Calling the new positioning a move to develop “technology that better supports e-business”, CEO Sanjay Kumar outlined the key areas of focus for thousands of conference delegates, company employees and press representatives at the opening keynote address.
Dubbed the “3X6 strategy”, the new initiative segments CA’s product development into three broad layers of management groups with six focus areas: security, storage, enterprise management, e-business transformation and integration, portal and knowledge management, and predictive analysis and visualization.
“Every business has to be an e-business in the future to survive,” said Kumar. “It doesn’t necessarily has to be a dot-com, or a business that has completely transformed itself, but it has to be a business that embrace the technology, embrace the Internet, embrace different forms of computing and different ways of working.” Some of these can be seen in CA's ventures in Asia.
Announced January this year along with the debut of CA’s brand new corporate logo, the strategy is meant to streamline CA’s technology development to bring better definition and focus to the company’s product offerings.
Real world e-business
The real message of the evening, however, is integration and support for heterogeneous platforms. The new CA strategy is, in fact, a response to changes in the information technology market. Corporations, having had their internal automation and enterprise systems needs fulfilled, are now looking more and more toward technology to meet the needs of their commercial activities.
Real world e-business, in short, is driving the demand for technological implementation.
CA’s vice president for corporate marketing, Tarkan Maner, said as much during a preliminary press briefing when he noted how technological solutions of the future will be driven by business demands.
"Software are becoming a strategic component of business success,” said Maner. “CEOs and business decision makers in enterprises across industries are building new business models which drives new business processes. And all these new business processes are driving new business applications. It’s a vicious cycle.”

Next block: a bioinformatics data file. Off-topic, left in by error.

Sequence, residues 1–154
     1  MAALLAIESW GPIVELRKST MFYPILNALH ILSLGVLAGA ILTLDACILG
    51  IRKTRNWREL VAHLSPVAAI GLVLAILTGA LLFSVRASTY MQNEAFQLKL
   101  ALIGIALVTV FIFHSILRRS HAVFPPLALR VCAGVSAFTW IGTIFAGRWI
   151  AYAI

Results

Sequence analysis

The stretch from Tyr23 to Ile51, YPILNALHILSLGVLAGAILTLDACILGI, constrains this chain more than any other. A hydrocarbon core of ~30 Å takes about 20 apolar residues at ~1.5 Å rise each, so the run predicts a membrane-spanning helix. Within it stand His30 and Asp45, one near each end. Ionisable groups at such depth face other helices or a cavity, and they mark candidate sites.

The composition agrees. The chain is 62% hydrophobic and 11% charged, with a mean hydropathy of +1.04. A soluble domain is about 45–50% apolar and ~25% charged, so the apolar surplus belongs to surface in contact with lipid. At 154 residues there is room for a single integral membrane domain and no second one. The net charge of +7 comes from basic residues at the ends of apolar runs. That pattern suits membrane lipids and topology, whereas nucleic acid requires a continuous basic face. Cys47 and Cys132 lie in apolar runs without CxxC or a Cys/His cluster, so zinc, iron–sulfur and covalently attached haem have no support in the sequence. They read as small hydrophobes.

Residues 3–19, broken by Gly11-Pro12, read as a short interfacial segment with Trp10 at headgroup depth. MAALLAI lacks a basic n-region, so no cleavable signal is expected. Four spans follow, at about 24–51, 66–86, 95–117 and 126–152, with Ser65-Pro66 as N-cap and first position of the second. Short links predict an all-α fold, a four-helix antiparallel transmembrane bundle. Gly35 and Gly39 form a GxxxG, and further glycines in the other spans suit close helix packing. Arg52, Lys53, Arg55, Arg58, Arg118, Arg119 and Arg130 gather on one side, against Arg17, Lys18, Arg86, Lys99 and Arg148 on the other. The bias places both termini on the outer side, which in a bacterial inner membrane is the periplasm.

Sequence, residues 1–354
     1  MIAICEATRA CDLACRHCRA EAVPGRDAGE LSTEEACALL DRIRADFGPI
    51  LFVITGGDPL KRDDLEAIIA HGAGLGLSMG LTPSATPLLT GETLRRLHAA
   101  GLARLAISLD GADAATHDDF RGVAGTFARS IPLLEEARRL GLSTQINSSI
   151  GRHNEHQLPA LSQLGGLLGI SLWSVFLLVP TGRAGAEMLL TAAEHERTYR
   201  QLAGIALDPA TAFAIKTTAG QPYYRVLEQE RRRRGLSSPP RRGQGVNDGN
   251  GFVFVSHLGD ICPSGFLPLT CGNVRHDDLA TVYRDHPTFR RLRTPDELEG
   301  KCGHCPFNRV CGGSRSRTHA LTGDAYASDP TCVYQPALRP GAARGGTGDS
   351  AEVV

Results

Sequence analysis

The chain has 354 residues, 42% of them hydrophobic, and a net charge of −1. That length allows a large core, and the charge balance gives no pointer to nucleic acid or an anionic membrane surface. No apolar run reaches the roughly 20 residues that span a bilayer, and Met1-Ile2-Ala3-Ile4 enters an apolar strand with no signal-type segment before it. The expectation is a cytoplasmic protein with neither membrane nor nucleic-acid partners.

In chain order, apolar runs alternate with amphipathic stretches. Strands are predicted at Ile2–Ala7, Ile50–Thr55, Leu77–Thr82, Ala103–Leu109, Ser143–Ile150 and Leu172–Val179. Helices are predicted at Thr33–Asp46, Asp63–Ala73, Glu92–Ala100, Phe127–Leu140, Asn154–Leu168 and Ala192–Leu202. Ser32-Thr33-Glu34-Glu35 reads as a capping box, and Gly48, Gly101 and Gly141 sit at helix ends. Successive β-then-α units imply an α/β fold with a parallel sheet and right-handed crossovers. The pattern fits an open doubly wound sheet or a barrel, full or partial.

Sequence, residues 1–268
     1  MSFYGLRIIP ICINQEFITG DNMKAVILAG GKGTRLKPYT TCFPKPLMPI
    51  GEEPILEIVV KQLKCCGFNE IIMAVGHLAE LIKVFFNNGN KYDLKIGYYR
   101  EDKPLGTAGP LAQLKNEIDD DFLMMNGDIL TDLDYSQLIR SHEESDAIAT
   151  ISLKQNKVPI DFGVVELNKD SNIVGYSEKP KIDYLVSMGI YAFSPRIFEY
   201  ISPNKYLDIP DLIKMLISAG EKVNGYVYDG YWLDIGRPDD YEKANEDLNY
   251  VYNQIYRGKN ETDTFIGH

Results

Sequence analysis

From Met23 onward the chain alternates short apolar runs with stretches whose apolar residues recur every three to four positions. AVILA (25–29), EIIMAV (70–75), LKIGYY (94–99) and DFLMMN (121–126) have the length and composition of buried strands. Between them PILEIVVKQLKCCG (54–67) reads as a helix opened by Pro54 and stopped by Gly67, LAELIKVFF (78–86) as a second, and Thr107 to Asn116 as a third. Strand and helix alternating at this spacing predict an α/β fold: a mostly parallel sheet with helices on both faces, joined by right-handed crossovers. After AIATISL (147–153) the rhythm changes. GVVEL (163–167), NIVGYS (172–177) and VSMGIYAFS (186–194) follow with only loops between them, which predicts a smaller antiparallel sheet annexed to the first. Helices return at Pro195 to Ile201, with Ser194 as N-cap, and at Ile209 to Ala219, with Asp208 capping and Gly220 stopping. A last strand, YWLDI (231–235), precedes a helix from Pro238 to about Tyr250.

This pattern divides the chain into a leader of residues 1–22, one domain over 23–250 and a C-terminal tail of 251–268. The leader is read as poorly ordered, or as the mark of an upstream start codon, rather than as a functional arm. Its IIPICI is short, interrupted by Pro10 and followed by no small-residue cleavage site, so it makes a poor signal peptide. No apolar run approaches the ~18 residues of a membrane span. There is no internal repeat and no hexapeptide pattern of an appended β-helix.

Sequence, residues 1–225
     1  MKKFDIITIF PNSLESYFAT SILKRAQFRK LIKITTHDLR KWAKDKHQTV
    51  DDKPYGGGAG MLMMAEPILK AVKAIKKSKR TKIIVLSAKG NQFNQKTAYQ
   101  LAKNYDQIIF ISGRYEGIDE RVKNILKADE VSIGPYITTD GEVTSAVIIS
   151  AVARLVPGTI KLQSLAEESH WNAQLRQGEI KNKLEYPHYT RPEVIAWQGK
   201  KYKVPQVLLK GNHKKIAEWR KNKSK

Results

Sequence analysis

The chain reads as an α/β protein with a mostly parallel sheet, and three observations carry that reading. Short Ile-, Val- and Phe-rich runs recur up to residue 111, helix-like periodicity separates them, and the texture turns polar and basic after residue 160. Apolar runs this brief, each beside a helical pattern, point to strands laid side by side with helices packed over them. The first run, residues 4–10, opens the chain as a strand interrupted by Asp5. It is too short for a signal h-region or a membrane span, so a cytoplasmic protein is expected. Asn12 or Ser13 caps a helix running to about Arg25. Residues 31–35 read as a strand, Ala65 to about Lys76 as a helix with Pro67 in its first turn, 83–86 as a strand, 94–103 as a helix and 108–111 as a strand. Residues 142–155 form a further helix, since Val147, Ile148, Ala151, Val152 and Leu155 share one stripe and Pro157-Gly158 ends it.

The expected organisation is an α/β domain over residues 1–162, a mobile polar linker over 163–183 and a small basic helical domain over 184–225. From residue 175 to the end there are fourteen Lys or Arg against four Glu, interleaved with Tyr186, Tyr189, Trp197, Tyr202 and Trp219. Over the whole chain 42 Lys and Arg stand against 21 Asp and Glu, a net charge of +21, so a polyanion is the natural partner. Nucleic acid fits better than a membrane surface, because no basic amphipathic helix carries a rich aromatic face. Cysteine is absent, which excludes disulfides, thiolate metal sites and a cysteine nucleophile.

Unlike Oracle or SAP, however, CA does not have a suite of e-business applications of its own. Its application division, InteBiz, is only a year old and offers a limited range of products. What the company has is a history of providing enterprise-wide systems solutions in the areas of security, network, knowledge management and most recently, a business intelligence product called Neugent.
“The positioning is not the platform,” said Tarkan. “This positioning is application driven, and it is management driven, but you have to remember that the key is that the infrastructure is cross-platform – from mainframe Unix/NT to handheld devices.”
CEO Kumar reiterated as much when he drove home the importance of cross-platform support in the evening keynote address.
“Heterogeneous platform support ranks high among (CA’s priorities), we have been an innovator in supporting multiple platforms since the 1970’s,” stated Kumar. “The ability for us to integrate across platforms has been very important to us, and will remain a pillar as we innovate and build solutions for you in the future.” Over the first three days of the convention, the company would make a number of announcements, including its flagship Unicenter 3.0: a system management solution and a piece that Tarkan called “the application driven infrastructure management platform.”
More poignant to the aims of the “3X6 strategy”, however, will be a series of announcements on the integration of CA products into Oracle, PeopleSoft and WebMethods solutions.
The opening of CA World also saw the announcement of four core brands that, according to Kumar, would embody the six areas of technology focus. The four brands are Unicenter, eTrust, BrightStor and Jasmine.
A key piece of solution in CA’s range of products will be the company’s Jasmine ii portal, which will be shipped with almost all of CA’s product from now on. It will sit on top of the layers of technology that CA provides and will act as a general purpose GUI for all those technology underneath it.
From the portal, a user can supervise security, manage storage, administer system management and even access and retrieve BI information.
“More and more Jasmine portals will be shipped with our products, and more and more it will serve as an interface to the layers of technology underneath it,” stated Kumar. “The portal will be your eye to the computing world.”
More importantly, however, the Jasmine ii portal will serve as the glue that gels together CA’s disparate pieces of solutions to present an integrated front as the company moves deeper into the game of supporting and ensuring e-business success.